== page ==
If you can’t find inspiration, be an inspiration.

An attitude of gratitude…

I am a ridiculously nice man I know this. Until… The following is a true story.

My Google Home device: *ding* I have a reminder for Scott

Me: Hey, Google, what’s up?

My Google Home: I have a reminder called you have a doctor’s appointment in 4 days.

Me: thank you, Google.

My Google Home: thank you for thanking me. I guess we are caught in a thanks loop…

I think I broke my Google home device.

I believe the key to happiness is genuinely twofold.  First, you must wear a smile and have gratitude for everything in life, whether big or small.  This attitude means no matter what happens, keep a positive outlook and always have a sparkling sunny disposition. Second, when you need help and require assistance, people will be willing to assist you if you are gloriously glowing.  Grumpy Gus’s get bitter rejection when support is needed the most, so no sourpuss faces on your mug. 

My experience shows most people fear those who are different as they fit into the others category. Individuals who walk with a wobble, use canes, forearm crutches, or even use wheelchairs get shunned and chagrined. However, those of us who ambulate using these methods are the ambassadors of the disabled, meaning we need to put our best foot forward.  We need to prove we should not be rejected and neglected but deserve the same respect as everyone else.

The second part is subjective yet more critical, in my opinion, which is to help people before they ask for any assistance.  To insert true happiness into the mess we call society, I say pay it forward by helping others even when they cannot help you back.  Asking is the hardest part of need, so if we can stand out to show we care for a stranger, it makes us better people. Be aware you do not have to do anything outside of your comfort zone.  The list of volunteering options is just as long as the non-volunteering items that are desired.   A kind word, an offer to do the dishes, a ride, a smile, and these seemingly simple stunts may seem silly but may mean the world to the recipient. 

When I was growing up, my family was lower middle class, although we were a hare’s breadth away from being poor. Unfortunately, our family held onto the title of the lower middle class like it was the last Twinkie at a Weight Watchers meeting.  My mother, a single parent, worked a full-time job and went to college, so we rode that tightrope between poor and poor-ish for seven years.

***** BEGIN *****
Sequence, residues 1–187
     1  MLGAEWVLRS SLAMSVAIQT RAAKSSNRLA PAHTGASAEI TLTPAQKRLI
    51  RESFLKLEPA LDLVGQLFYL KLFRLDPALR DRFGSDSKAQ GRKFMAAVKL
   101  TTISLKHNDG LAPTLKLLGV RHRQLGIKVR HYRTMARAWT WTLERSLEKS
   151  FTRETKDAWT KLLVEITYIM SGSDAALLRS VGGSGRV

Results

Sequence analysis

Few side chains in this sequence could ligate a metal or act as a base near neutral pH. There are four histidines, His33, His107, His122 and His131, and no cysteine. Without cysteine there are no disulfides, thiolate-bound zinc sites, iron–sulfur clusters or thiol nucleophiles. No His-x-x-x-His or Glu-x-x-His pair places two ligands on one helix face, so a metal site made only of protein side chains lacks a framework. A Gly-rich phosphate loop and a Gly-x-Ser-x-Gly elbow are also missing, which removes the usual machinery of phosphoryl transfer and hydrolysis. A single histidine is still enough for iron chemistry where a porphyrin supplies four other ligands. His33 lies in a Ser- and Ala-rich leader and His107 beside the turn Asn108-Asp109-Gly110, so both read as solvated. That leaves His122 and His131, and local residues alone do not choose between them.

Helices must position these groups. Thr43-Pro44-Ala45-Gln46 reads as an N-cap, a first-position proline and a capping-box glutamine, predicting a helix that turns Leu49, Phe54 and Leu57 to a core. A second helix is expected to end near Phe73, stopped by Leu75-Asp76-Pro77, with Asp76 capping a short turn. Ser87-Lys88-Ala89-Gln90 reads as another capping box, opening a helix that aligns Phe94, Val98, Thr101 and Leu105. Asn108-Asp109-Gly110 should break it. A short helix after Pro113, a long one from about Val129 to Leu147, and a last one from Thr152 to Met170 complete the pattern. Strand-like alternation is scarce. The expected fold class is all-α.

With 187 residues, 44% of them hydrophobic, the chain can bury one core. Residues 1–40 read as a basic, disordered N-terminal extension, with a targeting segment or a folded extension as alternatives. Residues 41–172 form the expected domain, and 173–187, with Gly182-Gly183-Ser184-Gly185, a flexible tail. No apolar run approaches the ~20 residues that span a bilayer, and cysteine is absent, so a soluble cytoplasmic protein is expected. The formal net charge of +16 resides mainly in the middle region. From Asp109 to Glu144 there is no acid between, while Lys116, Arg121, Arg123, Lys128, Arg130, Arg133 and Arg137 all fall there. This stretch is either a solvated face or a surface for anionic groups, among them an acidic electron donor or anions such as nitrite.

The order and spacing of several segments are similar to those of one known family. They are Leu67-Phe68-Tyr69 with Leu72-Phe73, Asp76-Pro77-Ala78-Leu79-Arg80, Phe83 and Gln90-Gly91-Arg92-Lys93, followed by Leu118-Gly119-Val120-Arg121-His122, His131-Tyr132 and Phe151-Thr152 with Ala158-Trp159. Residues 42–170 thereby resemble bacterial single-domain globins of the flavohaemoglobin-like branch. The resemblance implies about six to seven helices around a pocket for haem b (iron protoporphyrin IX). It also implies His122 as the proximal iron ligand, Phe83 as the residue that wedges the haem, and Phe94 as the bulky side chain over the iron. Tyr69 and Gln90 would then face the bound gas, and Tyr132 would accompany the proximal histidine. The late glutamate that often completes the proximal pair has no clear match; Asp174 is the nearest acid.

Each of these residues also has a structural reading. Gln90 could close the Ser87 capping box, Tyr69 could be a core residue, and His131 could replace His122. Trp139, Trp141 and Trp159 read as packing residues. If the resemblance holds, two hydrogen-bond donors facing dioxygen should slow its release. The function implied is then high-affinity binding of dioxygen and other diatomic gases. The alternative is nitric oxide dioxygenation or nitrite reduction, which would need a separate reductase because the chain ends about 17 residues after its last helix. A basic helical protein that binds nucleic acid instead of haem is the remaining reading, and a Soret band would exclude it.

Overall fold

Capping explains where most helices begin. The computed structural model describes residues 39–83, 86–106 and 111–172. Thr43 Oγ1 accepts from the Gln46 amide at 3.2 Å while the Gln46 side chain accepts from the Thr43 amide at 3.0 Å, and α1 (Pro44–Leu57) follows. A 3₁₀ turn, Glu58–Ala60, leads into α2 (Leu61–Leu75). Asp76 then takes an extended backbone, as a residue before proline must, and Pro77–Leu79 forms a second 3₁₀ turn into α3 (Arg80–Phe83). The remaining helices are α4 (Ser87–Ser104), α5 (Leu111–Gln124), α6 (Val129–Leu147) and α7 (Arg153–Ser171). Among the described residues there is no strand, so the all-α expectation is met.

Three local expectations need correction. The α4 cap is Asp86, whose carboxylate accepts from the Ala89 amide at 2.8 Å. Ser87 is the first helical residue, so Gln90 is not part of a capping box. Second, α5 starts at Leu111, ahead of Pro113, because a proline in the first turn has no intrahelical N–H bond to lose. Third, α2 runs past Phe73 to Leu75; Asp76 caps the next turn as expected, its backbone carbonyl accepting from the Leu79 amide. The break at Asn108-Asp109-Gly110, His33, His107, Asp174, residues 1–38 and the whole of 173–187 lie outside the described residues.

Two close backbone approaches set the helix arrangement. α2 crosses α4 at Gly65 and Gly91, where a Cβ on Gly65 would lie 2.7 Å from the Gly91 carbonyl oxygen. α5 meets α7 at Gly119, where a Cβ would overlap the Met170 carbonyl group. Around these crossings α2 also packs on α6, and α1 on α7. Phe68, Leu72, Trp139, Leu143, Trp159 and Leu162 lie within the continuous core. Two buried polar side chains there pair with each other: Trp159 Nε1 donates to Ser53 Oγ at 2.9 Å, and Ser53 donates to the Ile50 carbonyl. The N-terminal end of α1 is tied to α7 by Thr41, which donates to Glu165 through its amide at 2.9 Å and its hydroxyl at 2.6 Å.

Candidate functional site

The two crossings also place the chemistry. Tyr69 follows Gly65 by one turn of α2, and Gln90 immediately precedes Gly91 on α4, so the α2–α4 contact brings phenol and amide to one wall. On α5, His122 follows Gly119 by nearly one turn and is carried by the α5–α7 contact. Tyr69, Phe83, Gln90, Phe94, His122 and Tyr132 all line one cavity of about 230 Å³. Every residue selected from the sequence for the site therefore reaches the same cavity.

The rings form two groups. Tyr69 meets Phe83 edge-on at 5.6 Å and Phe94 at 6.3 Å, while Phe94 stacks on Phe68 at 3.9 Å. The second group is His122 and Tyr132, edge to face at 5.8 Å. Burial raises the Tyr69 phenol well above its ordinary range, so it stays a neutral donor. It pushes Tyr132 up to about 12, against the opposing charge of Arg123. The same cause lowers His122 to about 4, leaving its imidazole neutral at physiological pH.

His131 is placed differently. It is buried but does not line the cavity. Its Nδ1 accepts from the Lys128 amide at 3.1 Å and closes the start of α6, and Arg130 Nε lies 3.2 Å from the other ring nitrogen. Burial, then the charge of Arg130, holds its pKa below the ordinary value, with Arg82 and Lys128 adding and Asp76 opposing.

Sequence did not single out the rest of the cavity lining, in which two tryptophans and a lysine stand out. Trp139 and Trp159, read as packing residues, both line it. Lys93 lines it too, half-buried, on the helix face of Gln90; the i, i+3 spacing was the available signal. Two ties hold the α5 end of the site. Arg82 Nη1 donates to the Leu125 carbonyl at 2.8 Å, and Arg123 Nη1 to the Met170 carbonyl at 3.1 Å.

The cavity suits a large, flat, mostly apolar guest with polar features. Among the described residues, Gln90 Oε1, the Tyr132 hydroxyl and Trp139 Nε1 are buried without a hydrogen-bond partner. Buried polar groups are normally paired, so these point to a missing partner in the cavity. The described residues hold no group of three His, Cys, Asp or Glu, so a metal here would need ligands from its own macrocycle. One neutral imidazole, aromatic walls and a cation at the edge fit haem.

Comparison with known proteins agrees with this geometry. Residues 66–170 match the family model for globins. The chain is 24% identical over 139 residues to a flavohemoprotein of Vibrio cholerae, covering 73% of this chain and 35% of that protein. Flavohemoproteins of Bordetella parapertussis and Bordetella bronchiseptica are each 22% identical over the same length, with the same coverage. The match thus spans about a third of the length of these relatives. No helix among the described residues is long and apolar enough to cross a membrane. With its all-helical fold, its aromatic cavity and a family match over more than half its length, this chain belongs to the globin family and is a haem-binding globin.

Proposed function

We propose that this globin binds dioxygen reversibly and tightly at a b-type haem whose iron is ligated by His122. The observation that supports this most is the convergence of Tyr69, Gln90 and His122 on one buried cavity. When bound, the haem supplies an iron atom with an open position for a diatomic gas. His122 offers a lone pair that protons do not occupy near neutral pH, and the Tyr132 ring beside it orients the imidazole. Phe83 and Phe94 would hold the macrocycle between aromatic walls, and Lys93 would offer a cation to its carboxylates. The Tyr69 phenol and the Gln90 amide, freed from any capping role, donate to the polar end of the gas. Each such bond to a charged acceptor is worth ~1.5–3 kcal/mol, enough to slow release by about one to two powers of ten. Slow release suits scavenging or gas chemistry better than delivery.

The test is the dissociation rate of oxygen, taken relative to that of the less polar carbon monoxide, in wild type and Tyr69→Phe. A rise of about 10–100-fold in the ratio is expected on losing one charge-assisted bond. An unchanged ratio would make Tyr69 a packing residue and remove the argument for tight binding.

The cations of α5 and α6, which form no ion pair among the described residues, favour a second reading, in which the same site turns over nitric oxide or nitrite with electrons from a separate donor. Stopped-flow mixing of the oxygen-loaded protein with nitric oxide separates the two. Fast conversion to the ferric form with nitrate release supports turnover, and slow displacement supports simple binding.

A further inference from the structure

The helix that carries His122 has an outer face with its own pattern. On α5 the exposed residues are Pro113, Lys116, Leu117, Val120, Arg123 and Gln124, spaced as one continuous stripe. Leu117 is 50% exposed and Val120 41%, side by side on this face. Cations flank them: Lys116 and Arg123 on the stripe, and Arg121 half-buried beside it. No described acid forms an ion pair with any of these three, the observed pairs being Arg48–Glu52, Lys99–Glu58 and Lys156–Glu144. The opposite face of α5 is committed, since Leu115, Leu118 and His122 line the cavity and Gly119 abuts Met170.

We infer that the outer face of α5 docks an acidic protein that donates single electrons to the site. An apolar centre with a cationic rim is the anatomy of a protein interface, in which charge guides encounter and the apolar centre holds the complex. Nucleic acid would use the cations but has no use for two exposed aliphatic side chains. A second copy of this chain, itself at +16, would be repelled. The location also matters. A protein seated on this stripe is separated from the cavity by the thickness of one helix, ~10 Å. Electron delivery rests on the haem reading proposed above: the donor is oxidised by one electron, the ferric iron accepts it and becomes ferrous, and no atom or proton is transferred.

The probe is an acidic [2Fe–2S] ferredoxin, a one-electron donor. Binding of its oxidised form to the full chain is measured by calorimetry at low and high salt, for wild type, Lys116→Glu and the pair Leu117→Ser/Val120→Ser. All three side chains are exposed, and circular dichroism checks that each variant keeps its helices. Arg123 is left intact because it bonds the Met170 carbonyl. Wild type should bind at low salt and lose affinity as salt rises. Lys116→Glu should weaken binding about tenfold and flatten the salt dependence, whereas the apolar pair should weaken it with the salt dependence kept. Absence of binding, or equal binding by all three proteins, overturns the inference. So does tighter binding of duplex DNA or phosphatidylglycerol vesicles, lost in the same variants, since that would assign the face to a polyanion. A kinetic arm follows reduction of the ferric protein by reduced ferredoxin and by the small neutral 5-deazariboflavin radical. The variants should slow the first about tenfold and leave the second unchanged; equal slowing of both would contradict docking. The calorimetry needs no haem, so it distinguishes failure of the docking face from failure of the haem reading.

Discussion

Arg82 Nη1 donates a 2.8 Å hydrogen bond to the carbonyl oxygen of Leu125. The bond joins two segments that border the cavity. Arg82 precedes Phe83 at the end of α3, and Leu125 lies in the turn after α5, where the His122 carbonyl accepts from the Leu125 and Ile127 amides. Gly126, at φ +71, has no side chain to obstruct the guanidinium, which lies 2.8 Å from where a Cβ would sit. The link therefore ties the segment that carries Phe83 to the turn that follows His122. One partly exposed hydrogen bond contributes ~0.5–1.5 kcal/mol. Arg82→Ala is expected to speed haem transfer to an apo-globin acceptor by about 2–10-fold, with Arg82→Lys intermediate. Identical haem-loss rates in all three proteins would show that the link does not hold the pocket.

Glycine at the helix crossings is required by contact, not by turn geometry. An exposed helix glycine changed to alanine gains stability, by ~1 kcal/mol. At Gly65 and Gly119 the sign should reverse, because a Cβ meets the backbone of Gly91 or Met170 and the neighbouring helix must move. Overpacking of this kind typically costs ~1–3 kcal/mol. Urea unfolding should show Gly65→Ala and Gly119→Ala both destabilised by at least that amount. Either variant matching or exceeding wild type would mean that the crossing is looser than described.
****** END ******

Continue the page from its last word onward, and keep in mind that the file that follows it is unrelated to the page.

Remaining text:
We were low-income, but I had no idea what being poor meant until I met some genuinely poor people in high school.  I was not afraid to make friends with anyone, including those shunned and socially shamed because of their appearance or clothing.  I made good friends with those who were the real impoverished individuals in high school.  Freshman through senior year was the most challenging years for a kid to hide the family’s financial footing.  So I had both rich and poor friends though I learned the most about life and the real meaning of friendships from those with the least.

I learned from seeing this downtrodden lifestyle and how some of my friends did not work so their parents could do so.  Most days, Jim needed to watch his younger siblings because his parents could ill-afford decent childcare.  I quickly realized that when we were going to eat fast food, Jim could not buy food for lunch.  I did not want them to feel bad and look needy if I only bought food for him.  The solution was to pay for the group as not to single out the most disadvantaged amongst us.  It felt good to do good for others without making Jim feel embarrassed or ashamed for not contributing financially. My action was done with no expectation of payback, thus I began a life of utilizing opportunities to pay it forward or daily acts of kindness.

My mom tells me I am merely leading by example, yet I genuinely hope people are willing to follow suit.  I understand not everyone can afford to do a lot, but little acts of kindness make a difference in this bitter-filled world.  So the next time you are out at your favorite coffee place, buy a coffee for a stranger or do some other random act of kindness.  I guarantee you it will make them feel good, but it will give you an incredible feeling as well.  On the other hand, if someone does something kind for you, be gracious and say thank you while consider paying it forward.

Be the change in the world that you want to see- Gandhi.